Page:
HNW - Sailor sewing in Piecework

CarolynKayta Barrows kayta at slip.net
Fri Mar 2 10:07:04 PST 2001


A while ago I posted a question about historical sailmaking sewing (and got
no replies).  Now Piecework magazine has an article about historical
sailor's needlework.  Does anyone else on this list do living history at a
primarily nautical site?  Does anyone on this list do sailor-related
historical needlework or macrame?

I volunteer at the Hyde Street Pier in San Francisco (part of the San
Francisco Maritime National Historical Park) where there are several
historical ships/boats afloat.  Some of our living history people are
'sailors', and one planned activity is sitting around on the deck of one of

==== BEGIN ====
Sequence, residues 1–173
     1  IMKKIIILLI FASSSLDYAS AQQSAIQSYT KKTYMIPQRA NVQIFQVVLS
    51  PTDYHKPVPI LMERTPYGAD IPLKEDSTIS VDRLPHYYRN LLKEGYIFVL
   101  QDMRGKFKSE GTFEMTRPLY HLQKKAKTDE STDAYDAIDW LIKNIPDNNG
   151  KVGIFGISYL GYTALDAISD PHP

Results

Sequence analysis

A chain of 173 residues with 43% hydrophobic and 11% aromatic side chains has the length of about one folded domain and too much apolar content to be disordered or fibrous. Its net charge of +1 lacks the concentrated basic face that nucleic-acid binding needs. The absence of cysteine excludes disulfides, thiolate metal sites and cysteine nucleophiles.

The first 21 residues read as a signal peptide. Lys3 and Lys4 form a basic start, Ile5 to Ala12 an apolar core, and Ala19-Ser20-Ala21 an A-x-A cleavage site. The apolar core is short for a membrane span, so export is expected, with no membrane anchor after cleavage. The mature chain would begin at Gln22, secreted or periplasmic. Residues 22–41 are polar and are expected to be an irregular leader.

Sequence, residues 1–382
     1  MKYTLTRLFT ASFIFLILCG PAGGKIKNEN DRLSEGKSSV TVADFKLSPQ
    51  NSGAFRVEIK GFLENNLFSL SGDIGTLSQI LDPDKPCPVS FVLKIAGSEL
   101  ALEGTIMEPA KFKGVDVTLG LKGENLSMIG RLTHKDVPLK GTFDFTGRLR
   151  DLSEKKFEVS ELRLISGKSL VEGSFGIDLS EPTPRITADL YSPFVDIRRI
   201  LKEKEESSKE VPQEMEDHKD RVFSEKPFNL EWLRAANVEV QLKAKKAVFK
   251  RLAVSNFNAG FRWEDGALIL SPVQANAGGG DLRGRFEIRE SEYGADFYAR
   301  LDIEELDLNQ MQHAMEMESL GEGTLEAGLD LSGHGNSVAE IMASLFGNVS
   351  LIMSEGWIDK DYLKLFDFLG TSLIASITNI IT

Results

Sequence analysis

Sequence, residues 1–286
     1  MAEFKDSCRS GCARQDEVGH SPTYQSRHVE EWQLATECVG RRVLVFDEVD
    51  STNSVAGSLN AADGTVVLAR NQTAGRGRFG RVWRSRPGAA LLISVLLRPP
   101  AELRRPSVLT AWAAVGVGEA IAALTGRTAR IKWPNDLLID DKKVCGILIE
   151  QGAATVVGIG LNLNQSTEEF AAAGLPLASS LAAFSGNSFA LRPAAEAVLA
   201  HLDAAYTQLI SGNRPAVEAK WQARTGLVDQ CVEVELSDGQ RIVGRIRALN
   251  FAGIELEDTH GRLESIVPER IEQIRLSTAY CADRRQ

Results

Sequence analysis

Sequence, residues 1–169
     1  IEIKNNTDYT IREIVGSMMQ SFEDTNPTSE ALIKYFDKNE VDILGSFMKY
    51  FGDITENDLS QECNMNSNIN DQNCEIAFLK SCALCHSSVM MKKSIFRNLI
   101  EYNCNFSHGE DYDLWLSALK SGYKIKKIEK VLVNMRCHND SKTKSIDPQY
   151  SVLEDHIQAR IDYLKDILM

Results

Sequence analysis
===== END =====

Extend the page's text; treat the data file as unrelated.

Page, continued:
the old ships, repairing a sail by hand.  

I am currently working on a mast bag' for use by those brave souls who
climb the masts of our historical ships and do repair and painting up
there.  It's a crash course in traditional sail making methods.  I'm
learning how to use a sewing 'palm'.  The park provides the materials and
lessons, and we provide the labour, for two such bags.  They keep the first
one for ship use, and we keep the second one for our own use as a ditty
bag.  I don't know if macrame on ship parts, or splicing rope, counts as
historical needlework exactly, but our old ships/boats need it so they
teach us how to do that too.  Some day I will make a 'knot board' with
examples of sailors' knots and macrame.

Our museum collection has several historical examples of sailor needlework
and macrame, as does the Columbia River museum in Astoria, Oregon (I
visited there last month).
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